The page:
In a split decision, a federal appeals court in Washington, D.C., cleared the way on Tuesday for a war crimes commission at Guantanamo Bay to try a Saudi national on terrorism charges, including the bombing of a U.S. Navy vessel, the U.S.S. Cole, in a harbor in Yemen, in 2000. The case of Abd Al-Rahim Hussein Muhammed Al-Nashiri has been on hold at Guantanamo, with no trial date set yet.
Government records have shown that Al-Nashiri was subjected to nearly four years of brutal torture at Central Intelligence Agency “black sites” overseas before being taken to Guantanamo. He has been described by doctors as in precarious mental and physical condition. His lawyers have contended that, facing the death penalty if he is convicted, he will suffer severe psychological harm if compelled to go to trial by a war crimes court.
His much-delayed military commission case is based on nine charges of terrorism and murder, and military prosecutors have accused him of being the alleged al Qaeda mastermind of the bombings of the U.S.S. Cole and the French supertanker the M/V Limburg, as well as the attempted — but failed — bombing of the U.S.S. The Sullivans. In the attacks that were actually carried out, 18 crew members of the vessels died and dozens were injured.
Although al-Nashiri’s defense lawyers have raised a wide variety of claims, based on the Constitution and on federal law, his main challenge is that a Guantanamo Bay war crimes commission only has authority to try cases involving “hostilities,” as defined by the law of war, and his alleged crimes did not qualify. The U.S. was not at war, and had not even started the “war on terrorism,” at the time he hired suicide bombers to carry out the attack on the U.S. naval vessel as it refueled in a Yemeni harbor, his lawyers claimed.
He has filed several legal challenges to his trial by commission, seeking to prevent that trial. A federal trial judge, however, ruled that the civilian courts should not interfere with the war crimes trial. That was the result that the U.S. Court of Appeals for the District of Columbia Circuit upheld on Tuesday.
Circuit Judge Thomas B. Griffith, joined by Senior Circuit Judge David B. Sentelle, ruled that al-Nashiri will have an opportunity — at his commission trial, at a later appeal in a military appeals court if he is convicted, and at a further appeal to the D.C. Circuit Court plus a chance to appeal to the Supreme Court — to raise all of the challenges that he was relying on to try to head off the actual trial.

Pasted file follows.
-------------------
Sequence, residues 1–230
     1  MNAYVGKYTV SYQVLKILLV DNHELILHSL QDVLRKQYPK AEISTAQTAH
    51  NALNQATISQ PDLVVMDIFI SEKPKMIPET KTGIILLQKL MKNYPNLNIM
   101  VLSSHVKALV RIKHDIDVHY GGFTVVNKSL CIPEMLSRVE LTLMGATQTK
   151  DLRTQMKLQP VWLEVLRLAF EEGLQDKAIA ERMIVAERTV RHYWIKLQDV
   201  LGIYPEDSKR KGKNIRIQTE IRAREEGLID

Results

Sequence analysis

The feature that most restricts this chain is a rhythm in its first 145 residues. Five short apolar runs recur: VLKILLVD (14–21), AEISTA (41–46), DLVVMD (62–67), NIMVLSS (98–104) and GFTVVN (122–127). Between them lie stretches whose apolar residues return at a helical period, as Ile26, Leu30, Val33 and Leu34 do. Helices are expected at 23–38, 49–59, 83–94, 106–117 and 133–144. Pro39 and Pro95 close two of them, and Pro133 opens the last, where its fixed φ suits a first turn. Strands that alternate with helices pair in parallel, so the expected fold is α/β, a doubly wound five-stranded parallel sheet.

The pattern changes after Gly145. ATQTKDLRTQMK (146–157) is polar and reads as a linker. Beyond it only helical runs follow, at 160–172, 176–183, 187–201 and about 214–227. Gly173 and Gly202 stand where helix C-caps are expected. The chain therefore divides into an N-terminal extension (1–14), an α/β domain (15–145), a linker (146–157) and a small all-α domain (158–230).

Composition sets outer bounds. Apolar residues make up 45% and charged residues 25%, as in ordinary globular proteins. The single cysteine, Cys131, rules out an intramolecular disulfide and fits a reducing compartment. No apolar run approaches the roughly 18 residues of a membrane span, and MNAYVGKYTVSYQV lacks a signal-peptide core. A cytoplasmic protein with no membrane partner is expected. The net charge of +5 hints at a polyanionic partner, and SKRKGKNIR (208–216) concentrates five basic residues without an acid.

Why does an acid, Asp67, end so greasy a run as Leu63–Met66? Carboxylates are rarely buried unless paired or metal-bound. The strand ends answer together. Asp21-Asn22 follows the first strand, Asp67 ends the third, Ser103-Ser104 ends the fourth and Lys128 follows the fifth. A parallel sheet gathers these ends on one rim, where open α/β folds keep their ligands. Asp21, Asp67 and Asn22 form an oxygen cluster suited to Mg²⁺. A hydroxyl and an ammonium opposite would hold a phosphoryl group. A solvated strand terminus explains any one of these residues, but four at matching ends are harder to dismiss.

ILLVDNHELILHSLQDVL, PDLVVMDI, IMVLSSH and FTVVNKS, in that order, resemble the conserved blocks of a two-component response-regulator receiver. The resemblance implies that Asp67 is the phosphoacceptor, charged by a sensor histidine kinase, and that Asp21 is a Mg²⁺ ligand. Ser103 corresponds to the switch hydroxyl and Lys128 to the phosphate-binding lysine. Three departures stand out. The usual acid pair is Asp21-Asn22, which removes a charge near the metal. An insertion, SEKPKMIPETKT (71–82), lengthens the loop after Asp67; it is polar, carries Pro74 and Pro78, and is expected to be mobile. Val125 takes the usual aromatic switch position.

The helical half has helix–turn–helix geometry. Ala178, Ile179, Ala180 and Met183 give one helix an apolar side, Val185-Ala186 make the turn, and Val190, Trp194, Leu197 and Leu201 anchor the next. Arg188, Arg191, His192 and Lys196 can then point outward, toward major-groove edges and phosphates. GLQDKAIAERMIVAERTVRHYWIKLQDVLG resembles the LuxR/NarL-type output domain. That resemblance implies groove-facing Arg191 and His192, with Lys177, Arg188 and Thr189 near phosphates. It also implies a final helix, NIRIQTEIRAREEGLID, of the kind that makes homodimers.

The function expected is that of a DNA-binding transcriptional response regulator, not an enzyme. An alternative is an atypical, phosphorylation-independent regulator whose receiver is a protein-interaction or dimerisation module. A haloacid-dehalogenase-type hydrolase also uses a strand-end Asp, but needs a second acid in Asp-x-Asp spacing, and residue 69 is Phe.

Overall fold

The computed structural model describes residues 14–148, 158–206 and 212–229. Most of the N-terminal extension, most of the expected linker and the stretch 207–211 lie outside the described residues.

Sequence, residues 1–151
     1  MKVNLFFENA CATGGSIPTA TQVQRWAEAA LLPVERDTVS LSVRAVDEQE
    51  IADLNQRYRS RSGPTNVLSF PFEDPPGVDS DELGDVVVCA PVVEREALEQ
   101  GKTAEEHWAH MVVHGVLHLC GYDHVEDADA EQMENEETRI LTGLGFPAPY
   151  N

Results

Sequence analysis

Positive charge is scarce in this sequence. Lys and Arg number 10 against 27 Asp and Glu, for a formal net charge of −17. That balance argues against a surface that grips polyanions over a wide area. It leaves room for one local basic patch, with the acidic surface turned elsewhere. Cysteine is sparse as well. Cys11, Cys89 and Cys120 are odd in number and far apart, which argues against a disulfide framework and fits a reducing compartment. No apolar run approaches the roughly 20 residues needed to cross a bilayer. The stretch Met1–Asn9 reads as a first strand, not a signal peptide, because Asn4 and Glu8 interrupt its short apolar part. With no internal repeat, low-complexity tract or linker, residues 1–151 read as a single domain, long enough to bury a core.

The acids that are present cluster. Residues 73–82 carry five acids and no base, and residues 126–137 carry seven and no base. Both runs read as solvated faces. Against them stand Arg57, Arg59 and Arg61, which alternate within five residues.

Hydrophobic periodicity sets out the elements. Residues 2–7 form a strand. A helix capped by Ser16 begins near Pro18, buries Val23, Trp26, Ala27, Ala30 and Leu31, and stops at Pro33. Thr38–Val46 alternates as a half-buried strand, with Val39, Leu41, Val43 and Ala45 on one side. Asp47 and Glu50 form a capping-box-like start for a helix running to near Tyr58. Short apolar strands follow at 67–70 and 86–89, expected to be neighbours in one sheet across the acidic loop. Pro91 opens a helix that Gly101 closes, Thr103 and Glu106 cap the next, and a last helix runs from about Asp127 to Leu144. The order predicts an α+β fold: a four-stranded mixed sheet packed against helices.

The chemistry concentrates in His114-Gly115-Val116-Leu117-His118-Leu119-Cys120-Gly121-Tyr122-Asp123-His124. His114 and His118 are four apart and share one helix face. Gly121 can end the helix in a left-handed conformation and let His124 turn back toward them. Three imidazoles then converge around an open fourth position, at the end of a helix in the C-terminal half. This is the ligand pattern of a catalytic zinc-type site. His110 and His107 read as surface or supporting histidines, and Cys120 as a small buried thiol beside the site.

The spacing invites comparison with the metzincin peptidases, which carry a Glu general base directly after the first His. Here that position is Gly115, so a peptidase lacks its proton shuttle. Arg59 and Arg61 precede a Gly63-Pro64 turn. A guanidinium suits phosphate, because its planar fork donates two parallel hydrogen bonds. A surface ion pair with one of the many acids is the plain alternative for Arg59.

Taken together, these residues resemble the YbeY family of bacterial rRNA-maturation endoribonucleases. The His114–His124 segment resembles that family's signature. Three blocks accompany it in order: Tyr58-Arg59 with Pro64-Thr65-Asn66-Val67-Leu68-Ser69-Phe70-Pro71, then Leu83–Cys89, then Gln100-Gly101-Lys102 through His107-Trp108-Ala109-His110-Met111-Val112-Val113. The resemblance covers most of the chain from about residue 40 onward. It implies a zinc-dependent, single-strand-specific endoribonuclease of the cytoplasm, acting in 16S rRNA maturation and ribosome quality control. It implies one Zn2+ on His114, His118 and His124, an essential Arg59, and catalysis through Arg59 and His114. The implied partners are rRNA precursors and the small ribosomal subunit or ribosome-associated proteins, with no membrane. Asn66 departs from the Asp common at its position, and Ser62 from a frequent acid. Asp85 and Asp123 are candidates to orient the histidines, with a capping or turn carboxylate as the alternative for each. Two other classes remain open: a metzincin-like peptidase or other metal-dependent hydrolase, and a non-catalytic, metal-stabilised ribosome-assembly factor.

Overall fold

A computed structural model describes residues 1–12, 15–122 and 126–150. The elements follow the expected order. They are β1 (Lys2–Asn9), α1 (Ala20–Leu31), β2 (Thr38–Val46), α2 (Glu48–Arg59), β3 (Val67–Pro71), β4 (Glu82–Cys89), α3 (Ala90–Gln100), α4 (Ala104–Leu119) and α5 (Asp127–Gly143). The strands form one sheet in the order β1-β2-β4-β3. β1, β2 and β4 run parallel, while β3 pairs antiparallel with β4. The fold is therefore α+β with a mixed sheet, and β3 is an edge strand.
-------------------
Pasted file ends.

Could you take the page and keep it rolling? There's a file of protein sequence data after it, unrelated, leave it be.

Moreover, the majority concluded, it is important for the civilian courts not to disrupt the trial of crimes in military courts — either a traditional court-martial, or the new system of military commissions at Guantanamo.
The majority said it was debatable whether the U.S. was actually engaged in hostilities, under the law of war, at the time of al-Nashiri’s alleged crimes — some of which occurred before the terrorist attacks on the U.S. on September 11, 2001. But, even so, the majority said the trial at Guantanamo could proceed, since it found that al-Nashiri has no right under the Military Commissions Act of 2009 to avoid trial altogether by the military.
Circuit Judge David S. Tatel, dissented, arguing that the civilian courts should go ahead and decide al-Nashiri’s various legal challenges. At a minimum, Judge Tatel argued, the case should be sent back to the District Court judge to fully assess the harms that al-Nashiri’s claims will occur if he has to stand trial before a war crimes tribunal. The dissenting opinion chronicled some of the torture methods that al-Nashiri has contended he was forced to undergo at the hands of U.S. authorities.
The military commissions system at Guantanamo has been plagued by repeated procedural and substantive missteps, and has resulted in only a few actual convictions, most of which have been overturned on appeal. The main event still awaited at Guantanamo is the commission trial of five detainees accused of planning the 9/11 terrorist attacks.
Al-Nashiri’s lawyers have the option of challenging Tuesday’s appeals court decision before the full 11-member D.C. Circuit Court, or in an appeal to the Supreme Court.